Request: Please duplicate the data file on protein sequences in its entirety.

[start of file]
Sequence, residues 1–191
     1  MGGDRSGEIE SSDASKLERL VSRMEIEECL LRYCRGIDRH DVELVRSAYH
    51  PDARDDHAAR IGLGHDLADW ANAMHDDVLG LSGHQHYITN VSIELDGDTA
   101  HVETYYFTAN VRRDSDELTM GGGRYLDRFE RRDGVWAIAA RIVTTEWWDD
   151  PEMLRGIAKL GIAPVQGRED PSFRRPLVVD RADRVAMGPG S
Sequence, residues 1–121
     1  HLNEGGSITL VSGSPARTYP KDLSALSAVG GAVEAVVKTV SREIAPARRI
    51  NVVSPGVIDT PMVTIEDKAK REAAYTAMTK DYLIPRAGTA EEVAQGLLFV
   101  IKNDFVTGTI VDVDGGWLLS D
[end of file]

Sequence, residues 1–191
     1  MGGDRSGEIE SSDASKLERL VSRMEIEECL LRYCRGIDRH DVELVRSAYH
    51  PDARDDHAAR IGLGHDLADW ANAMHDDVLG LSGHQHYITN VSIELDGDTA
   101  HVETYYFTAN VRRDSDELTM GGGRYLDRFE RRDGVWAIAA RIVTTEWWDD
   151  PEMLRGIAKL GIAPVQGRED PSFRRPLVVD RADRVAMGPG S
Sequence, residues 1–121
     1  HLNEGGSITL VSGSPARTYP KDLSALSAVG GAVEAVVKTV SREIAPARRI
    51  NVVSPGVIDT PMVTIEDKAK REAAYTAMTK DYLIPRAGTA EEVAQGLLFV
   101  IKNDFVTGTI VDVDGGWLLS D